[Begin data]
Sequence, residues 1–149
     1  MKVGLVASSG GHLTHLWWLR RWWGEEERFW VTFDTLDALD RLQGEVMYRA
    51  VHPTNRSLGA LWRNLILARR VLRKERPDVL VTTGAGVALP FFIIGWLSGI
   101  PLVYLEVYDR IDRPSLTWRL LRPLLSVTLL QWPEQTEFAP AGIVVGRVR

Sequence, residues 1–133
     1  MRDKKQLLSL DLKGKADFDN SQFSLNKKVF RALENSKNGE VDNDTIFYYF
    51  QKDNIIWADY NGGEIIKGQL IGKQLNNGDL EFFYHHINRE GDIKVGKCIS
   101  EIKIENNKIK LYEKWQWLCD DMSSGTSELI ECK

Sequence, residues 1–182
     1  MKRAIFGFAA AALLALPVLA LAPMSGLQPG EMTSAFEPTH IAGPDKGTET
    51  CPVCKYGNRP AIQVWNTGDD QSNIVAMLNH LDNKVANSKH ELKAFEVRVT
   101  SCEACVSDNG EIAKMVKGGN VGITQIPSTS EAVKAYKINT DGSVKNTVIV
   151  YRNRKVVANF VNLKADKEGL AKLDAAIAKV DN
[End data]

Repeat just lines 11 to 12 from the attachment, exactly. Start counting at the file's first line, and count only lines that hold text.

    51  CPVCKYGNRP AIQVWNTGDD QSNIVAMLNH LDNKVANSKH ELKAFEVRVT
   101  SCEACVSDNG EIAKMVKGGN VGITQIPSTS EAVKAYKINT DGSVKNTVIV